An official website of the United States government.

Official websites use .gov
A .gov website belongs to an official government organization in the United States.

Secure .gov websites use HTTPS
A lock ( ) or https:// means you’ve safely connected to the .gov website. Share sensitive information only on official, secure websites.

Thioflavine T Detection of the Prion Protein

Investigators
Bartz, Jason
Institutions
Creighton University
Start date
2000
End date
2002
Objective
The goal of this proposal is to develop a spectrofluorometric assay using the amyloid binding dye thioflavine T (ThT) to distinguish different conformations of PrPSc in a strain-specific manner. This will provide a rapid method for identification of transmissible spongiform encephalopathy strains in livestock.
More information
Identification of transmissible spongiform encephalopathy (TSE) strains has taken on increased importance with the emergence of bovine spongiform encephalopathy in the United Kingdom and its subsequent transmission to other species including humans. Chronic wasting disease is an emerging TSE of deer and elk in the United States that has an unknown host range and may pose a risk to sheep and cattle since they share pasturelands. Currently, no method exists to monitor for the prevalent or emerging TSE strains of livestock and wild animals. The objective of this proposal is to develop a rapid method for surveillance of TSE strains in livestock. An assay will be developed to identify TSE strains based on the ability of a fluorescent dye to interact with a TSE-specific protein in a strain-specific manner. First, reaction conditions will be optimized. Second, the number of distinct strains that can be identified in a single host species and in how many host species can the same TSE strain can be identified. Finally, isolates of naturally occurring TSEs from the U.S. will be examined in order to investigate TSE strain diversity in livestock. The ability to monitor endemic and emerging TSE strains in domestic animals can facilitate control measures to reduce the spread of TSEs and to assess the risk that emerging strains pose to animal and human health.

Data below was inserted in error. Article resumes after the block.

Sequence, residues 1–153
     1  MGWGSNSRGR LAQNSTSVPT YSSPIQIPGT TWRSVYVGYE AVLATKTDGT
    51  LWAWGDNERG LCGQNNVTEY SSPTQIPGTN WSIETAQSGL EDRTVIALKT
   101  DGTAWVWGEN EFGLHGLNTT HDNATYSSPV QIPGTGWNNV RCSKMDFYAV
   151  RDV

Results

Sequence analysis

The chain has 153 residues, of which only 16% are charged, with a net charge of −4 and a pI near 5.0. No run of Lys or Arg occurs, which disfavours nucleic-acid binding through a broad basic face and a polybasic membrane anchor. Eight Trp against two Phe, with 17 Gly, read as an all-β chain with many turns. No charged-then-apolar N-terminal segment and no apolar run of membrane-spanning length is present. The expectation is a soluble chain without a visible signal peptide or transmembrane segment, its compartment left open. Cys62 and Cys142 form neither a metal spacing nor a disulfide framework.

thioflavine T (ThT) based fluorometric assay will be developed to identify TSE strains based on the conformation of the disease-specific amyloid isoform of the prion protein, PrPSc. ThT fluorometry is a conformational assay used to detect amyloid proteins that is based on the binding of ThT to amyloid B-sheet structure. ThT is a benzothiazole dye that undergoes a spectral shift in excitation and emission maxima in the presence of amyloid protein but not in the presence of precursor amyloid, amorphous aggregates, and non-amyloid proteins with high B-sheet content. Since the molecular basis of TSE strain diversity is throught to be based on PrPSc conformation ThT fluorometry will be used to distinguish different conformations of PrPSc. First, ThT fluorometry will be optimized for identification of TME strains based on ThT binding to the PrPSc conformations (Aim 1). In Aim 2, ThT fluorometry will be used to determine i) the number of distinct strains (i.e. PrPSc conformations) that can be identified in a single host species, and ii) in how many distinct host species (i.e. different prion protein genotypes) can the same TME strain be identified. In aim 3 isolates of scrapie and CWD from U.S. outbreaks will be examined by ThT fluorometry in order to investigate TSE strain diversity in livestock and cervids.

PROGRESS: 2000/10 TO 2002/09
As a postdoctoral fellow, I was awarded a fellowship from the United States Department of Agriculture. This support has led to the demonstration that following peripheral nerve inoculation, prions were transported within distinct motor tracts and transynaptically spread according to known neuronal circuitry (Bartz et al., 2002). Additional studies on oral prion pathogenesis have identified an alternative, highly efficient, route of neuroinvasion that directly travels along cranial nerve XII to the brainstem (Bartz et al., 2003). These studies suggest that wounds on the tongue can increase the risk of prion transmission, especially in natural settings where low doses of prions would most likely occur. Further experiments are being performed to investigate the mechanism responsible for the high efficiency of prion infection by this route. In a related series of experiments, the prion agent was identified in the tongues of hamsters infected with 6 different prion strains. This data suggests that prion infectivity in tongue tissue may be a common event in prion diseases. In light of this data, it is concerning that tongue is still included for human consumption in Great Britain.

IMPACT: 2000/10 TO 2002/09
The identification of an alternative, highly efficient, route of prion neuroinvasion has direct implications on the assessment of risk factors associated with prion infection in animals and humans. In addition, a reexamination of allowing cattle tongue for human consumption in Great Britain is warranted based on the identification of prion infectivity in the tongue of prion-infected rodents.

Project number
NEBR-2000-02031
Accession number
185958
Categories
Bacterial Pathogens
Sanitation and Quality Standards
Commodities
Meat, Poultry, Game